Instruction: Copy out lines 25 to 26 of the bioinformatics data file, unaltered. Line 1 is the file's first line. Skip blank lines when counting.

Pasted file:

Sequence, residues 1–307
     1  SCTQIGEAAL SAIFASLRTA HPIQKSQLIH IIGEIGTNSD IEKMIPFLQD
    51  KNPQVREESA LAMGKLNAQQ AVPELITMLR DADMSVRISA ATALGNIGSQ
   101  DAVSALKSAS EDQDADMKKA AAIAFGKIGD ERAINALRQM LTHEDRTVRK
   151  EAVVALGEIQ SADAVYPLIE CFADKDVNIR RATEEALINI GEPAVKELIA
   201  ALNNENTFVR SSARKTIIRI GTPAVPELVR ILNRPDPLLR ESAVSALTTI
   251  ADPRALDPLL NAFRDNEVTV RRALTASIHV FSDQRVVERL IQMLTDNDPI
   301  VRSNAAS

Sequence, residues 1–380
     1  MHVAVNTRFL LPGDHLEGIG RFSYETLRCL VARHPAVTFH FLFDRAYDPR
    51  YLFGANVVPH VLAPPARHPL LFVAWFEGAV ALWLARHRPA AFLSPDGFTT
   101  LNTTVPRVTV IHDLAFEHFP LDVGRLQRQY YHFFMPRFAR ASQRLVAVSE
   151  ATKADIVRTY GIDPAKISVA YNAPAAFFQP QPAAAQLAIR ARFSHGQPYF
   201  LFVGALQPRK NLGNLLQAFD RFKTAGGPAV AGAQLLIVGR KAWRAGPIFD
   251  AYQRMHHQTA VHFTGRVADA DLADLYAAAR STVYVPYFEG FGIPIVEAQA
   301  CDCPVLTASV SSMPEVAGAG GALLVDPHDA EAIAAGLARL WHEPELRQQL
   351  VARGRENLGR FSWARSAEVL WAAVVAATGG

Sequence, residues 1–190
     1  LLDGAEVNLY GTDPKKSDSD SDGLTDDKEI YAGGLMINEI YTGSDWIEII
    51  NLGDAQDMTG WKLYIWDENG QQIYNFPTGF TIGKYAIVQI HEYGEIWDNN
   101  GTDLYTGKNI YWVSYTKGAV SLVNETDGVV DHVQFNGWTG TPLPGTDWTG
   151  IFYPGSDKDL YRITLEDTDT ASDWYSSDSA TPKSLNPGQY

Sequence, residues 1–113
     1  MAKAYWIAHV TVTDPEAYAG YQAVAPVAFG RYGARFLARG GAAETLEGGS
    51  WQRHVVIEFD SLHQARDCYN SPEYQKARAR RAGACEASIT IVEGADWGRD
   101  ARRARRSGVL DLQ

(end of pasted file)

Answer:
    51  WQRHVVIEFD SLHQARDCYN SPEYQKARAR RAGACEASIT IVEGADWGRD
   101  ARRARRSGVL DLQ